The following items from May 24 may emerge to become significant factors impacting geomarket developments in Africa:
Burkina Faso: Prime Minister Christophe Dabiré led a groundbreaking ceremony for the Canadian-owned Orezone gold mine project in Bomboré, Ganzourgou province.
Significance: The gold mine groundbreaking ceremony is Dabiré’s second in as many weeks and follows the prime minister’s launch of the West African Resources-owned Sanbrado project on May 10. Both projects are located in the same region southeast of the country’s capital of Ouagadougou. Though Burkina Faso has experienced a significant uptick in Islamist militant attacks, which occur nearly daily, these attacks are more commonly found in western, northern, and eastern regions of the country, and not where the Orezone or Sanbrado mining projects are located or where the ore will be routed for export. Additionally, the victims of Islamist militant attacks are mostly Burkinabé nationals, comprising both civilians and government officials (the latter to include defense and security forces, as well as civil servants). Gold mining personnel and assets have not been attacked, though with the exception of the January 15 deadly kidnapping of the Canadian expatriate working for the Progress Minerals project in the northeastern Oudalan province near the Niger border. The Dabiré government is very pleased to support the development of these gold mining projects so as to reverse adverse confidence the country faces from persistent Islamist militant attacks.
Liberia, Guinea: Liberian Minister of State for Presidential Affairs Nathaniel McGill led a delegation to Guinea to discuss transfrontier border security.
Significance: Two items stand out with the visit by the Liberian delegation (which included the chief of staff of the Armed Forces of Liberia) to the Guinean ministry of defense. One is ensuring uninterrupted border security cooperation in support of planned iron ore exports from the Zogota mining project in Guinea that will be channeled through Liberia’s port of Buchanan. The other item is discussing security coordination in the tri-border area between Liberia, Guinea, and Côte d’Ivoire. The latter area has been a region of widespread trafficking of materiel and manpower during civil wars each country has experienced since the 1990s. Though Liberia and Guinea are stable and largely peaceful, ethnopolitical tensions in Côte d’Ivoire are rising ahead of that country’s presidential election due in 2020, an event that in previous electoral cycles triggered national-level violence.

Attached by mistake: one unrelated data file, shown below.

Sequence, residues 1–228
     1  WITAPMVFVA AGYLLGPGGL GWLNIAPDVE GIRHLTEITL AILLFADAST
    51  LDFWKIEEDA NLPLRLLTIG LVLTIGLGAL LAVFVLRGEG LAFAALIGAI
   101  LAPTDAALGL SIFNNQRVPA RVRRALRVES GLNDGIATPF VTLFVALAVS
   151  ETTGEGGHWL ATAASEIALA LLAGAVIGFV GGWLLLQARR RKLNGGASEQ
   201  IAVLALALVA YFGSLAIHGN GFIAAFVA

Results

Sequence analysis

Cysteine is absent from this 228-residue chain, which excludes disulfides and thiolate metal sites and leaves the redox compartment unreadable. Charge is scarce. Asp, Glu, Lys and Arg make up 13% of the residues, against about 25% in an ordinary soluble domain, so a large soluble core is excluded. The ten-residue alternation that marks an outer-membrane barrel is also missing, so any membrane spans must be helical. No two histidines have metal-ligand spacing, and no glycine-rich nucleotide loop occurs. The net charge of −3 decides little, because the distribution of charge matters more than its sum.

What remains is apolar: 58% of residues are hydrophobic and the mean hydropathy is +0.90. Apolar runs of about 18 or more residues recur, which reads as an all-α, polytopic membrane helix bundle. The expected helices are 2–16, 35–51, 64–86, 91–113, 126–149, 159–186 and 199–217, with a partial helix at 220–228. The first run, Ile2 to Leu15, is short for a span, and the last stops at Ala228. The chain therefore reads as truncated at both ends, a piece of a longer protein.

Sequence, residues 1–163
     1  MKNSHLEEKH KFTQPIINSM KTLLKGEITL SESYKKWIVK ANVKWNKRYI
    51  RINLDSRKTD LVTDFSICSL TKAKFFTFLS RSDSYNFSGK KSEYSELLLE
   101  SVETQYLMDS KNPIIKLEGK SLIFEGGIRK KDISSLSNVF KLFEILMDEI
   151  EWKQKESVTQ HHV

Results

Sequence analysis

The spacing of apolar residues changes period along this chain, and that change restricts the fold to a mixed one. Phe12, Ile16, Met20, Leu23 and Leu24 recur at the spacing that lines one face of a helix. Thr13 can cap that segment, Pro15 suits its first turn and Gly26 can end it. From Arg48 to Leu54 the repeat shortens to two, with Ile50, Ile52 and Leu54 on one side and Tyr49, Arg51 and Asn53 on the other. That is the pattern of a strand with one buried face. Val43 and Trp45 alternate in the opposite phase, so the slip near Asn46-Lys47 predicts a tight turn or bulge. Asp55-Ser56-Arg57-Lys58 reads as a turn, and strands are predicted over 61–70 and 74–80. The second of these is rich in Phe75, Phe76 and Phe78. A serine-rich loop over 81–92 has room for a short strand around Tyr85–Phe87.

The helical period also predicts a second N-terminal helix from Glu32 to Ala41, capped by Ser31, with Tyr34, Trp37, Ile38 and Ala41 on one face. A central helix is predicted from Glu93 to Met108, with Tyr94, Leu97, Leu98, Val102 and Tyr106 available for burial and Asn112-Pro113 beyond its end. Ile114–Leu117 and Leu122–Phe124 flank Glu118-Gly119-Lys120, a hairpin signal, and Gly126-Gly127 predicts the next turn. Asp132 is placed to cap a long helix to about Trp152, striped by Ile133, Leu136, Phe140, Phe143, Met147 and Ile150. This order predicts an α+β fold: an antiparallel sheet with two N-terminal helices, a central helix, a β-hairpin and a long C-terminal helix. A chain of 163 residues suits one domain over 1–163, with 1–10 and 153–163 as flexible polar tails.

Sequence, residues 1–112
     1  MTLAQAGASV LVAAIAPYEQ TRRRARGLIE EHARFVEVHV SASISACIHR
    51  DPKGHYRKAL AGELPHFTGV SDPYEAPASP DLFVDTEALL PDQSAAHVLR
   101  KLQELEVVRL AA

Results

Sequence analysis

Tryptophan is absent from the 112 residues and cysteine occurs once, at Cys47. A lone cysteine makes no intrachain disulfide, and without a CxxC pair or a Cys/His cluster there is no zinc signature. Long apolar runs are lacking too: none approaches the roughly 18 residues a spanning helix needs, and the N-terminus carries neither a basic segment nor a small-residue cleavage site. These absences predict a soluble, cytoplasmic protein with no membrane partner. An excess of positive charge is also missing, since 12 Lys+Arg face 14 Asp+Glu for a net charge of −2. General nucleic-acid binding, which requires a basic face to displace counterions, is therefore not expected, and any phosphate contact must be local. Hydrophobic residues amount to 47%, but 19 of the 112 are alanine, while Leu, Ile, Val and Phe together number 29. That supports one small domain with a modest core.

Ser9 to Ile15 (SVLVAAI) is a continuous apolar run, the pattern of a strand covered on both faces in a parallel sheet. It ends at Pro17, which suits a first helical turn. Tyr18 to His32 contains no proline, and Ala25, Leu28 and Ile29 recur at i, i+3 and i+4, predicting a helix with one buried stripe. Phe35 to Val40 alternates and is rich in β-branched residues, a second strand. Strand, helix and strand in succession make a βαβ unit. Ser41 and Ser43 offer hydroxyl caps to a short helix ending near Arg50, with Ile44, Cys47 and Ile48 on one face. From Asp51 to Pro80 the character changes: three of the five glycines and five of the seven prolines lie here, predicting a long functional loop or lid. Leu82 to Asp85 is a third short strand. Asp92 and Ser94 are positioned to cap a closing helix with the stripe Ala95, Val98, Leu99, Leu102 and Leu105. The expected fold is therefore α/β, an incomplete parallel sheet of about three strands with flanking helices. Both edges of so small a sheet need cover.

Nigeria: The Senate passed a redrafted version of the Petroleum Industry Governance Bill.
Significance: The Petroleum Industry Governance Bill had previously been approved by Nigeria’s Senate on April 16, but concerns held by the Muhammadu Buhari administration meant the Nigerian president would not provide assent to it. The Petroleum Industry Bill aims as a whole to provide significant and foreign investor-friendly restructuring to the legislative and regulatory regime controlling the upstream, midstream and downstream oil and gas sectors in Nigeria. The complexity and comprehensiveness of the Bill, however, has contributed to delays in seeing the legislation, which potentially upsets entrenched domestic patterns of doing business, signed into law. Given the political timing in Nigeria, that the redrafted Petroleum Industry Governance Bill was approved by the opposition Senate majority leader Bukola Saraki and that Buhari is on May 29 to be inaugurated for a second term as president of Nigeria, it is not likely that this version will be assented to, and rather that the Buhari administration will elect to settle into its second term before it resolves on the significant but controversial piece of legislation.